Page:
Treating the coronavirus
Treating the coronavirus iStock

Austria's government on Saturday announced a return to tougher anti-coronavirus restrictions, including shutting schools and non-essential shops, to contain the second wave of the virus.

"From Tuesday and until December 6 a new lockdown like the one from spring will brought in," Chancellor Sebastian Kurz told a news conference, according to AFP.

Kurz's administration imposed a partial lockdown two weeks ago but that has not stopped cases rising and hitting a daily record Friday.

The tightened measures will see social contact reduced to a minimum and people told to stay indoors save for clearly defined reasons such as shopping, work where working from home is not feasible, medical visits and sport.

"My pressing demand for the coming weeks is as follows: Don't meet anyone. Every social contact is one too many," said Kurz, stressing the need for "radical" action.

"There are still many who say that infections don't happen at school, in shops or services. But the truth is the authorities can no longer trace 77 percent of new infections, which means they no longer know where contamination is happening."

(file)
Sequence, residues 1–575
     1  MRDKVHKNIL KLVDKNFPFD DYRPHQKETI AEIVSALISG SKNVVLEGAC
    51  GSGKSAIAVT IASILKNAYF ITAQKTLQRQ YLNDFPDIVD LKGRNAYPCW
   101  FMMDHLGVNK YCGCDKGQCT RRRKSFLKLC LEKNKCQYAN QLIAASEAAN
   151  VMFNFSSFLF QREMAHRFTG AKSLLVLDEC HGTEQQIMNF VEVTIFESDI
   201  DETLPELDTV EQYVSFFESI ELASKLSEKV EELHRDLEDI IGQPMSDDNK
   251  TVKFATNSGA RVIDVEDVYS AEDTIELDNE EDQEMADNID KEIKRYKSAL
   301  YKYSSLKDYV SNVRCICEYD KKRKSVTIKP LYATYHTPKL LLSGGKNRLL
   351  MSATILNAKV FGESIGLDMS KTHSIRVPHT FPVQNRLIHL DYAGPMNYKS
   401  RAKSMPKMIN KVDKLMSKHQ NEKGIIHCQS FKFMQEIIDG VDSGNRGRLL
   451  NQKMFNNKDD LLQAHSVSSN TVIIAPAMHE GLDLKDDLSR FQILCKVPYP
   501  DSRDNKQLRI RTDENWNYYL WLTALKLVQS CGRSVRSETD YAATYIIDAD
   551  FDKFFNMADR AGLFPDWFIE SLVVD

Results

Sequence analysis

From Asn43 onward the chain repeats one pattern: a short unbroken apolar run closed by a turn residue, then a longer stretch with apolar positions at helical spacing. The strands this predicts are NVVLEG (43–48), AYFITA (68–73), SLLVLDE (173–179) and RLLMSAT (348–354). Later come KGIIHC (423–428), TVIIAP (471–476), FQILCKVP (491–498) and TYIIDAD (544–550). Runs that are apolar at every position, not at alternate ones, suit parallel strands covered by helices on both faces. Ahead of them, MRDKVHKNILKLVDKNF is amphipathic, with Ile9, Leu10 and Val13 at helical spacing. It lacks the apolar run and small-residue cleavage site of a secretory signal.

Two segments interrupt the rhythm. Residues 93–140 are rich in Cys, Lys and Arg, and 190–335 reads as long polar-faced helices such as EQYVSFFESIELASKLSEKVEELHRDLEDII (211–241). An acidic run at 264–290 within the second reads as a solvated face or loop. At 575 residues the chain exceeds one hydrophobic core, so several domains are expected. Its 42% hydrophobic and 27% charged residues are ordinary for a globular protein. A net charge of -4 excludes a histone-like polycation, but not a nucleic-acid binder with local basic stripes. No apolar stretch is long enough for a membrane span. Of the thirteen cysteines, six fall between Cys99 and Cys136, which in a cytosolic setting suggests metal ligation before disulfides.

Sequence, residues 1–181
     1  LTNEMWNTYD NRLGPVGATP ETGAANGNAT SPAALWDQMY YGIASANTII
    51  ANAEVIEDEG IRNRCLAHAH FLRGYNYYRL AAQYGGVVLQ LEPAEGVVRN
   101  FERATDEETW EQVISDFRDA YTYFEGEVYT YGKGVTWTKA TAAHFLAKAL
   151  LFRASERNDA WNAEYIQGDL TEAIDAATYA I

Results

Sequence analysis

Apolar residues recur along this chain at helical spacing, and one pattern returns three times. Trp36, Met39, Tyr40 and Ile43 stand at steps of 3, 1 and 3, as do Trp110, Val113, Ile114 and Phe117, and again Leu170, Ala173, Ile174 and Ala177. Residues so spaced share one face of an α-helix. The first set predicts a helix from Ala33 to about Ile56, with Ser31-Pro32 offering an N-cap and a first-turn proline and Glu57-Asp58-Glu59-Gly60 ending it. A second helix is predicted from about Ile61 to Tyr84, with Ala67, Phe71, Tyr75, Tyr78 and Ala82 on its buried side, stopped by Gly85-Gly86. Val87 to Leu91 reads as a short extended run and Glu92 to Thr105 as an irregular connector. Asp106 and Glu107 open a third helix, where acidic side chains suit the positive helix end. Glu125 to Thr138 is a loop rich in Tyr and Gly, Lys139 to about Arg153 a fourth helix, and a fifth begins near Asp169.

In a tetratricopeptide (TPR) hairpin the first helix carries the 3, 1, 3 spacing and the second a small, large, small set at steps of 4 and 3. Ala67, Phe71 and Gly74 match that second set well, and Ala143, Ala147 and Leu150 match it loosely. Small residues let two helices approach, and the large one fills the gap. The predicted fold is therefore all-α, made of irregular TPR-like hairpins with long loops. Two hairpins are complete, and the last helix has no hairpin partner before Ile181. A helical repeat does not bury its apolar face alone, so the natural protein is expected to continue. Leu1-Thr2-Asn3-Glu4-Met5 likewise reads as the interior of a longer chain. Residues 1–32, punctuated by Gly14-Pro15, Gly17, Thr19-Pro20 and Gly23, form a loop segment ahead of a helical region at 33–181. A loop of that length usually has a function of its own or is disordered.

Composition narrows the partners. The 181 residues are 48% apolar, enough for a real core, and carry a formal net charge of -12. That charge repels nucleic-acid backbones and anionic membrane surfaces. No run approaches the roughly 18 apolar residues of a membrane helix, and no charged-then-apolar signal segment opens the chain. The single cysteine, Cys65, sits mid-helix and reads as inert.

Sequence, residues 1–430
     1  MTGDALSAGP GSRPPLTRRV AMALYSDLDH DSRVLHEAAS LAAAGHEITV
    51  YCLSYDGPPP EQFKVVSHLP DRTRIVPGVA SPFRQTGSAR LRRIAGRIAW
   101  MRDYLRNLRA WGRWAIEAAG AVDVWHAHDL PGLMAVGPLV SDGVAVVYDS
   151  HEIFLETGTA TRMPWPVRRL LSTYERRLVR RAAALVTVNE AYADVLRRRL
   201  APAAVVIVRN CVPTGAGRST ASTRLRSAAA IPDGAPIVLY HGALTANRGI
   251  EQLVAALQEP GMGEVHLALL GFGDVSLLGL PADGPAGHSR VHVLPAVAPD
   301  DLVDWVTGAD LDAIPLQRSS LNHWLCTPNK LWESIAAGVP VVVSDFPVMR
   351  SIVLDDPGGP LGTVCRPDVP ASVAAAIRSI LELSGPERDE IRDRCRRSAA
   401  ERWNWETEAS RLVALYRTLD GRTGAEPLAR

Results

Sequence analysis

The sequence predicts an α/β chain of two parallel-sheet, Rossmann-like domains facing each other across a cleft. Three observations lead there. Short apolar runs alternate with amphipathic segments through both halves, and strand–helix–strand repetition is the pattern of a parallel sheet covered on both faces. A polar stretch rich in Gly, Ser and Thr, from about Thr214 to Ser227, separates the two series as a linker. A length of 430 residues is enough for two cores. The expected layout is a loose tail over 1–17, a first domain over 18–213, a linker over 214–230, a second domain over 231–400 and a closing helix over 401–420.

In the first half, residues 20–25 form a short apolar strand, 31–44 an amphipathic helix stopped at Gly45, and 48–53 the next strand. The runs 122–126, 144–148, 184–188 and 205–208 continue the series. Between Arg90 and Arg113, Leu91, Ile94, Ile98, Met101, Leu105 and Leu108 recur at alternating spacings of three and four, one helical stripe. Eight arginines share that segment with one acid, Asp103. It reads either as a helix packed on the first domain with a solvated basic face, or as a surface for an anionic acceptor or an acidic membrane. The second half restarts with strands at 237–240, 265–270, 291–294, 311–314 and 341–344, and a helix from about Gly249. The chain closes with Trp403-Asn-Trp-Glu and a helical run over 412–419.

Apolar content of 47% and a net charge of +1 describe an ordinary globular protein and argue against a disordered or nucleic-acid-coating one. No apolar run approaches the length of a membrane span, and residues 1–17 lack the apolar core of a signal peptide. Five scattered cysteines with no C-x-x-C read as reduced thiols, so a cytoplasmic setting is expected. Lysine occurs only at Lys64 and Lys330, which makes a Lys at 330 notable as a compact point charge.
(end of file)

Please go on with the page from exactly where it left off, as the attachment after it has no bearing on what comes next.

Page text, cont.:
Only shops selling essential items will be permitted to remain open, such as food stores, chemists, banks and post offices.

Primary and middle schools will switch to distance learning, senior schools and universities already having done so.

Vienna imposed a partial lockdown including a nighttime curfew from 8:00 p.m. at the start of November, but that has done little to help, as the country has seen 831 confirmed cases per million inhabitants over the past seven days.

Daily cases had been running in contrast at only around 1,000 in early October.

The country's pandemic death toll currently stands at around 1,700.

Austria loosened its original lockdown in May, allowing bars, restaurants and churches to reopen.

Earlier this year, Kurz revealed that it was a phone call from Prime Minister Binyamin Netanyahu that made him act to curb the virus.

“I contacted Bibi Netanyahu and he told me his opinion, that several countries in Europe aren’t doing enough and that he is concerned that Europe isn’t treating the problem as it should,” he told Israel’s Kan 11 News in an interview.

“This, of course, caused us to treat the issue more firmly and quickly make decisions. I thank Bibi Netanyahu for the conversation we held a few weeks ago which led to the fact that we were the first to respond in Europe,” added the Chancellor.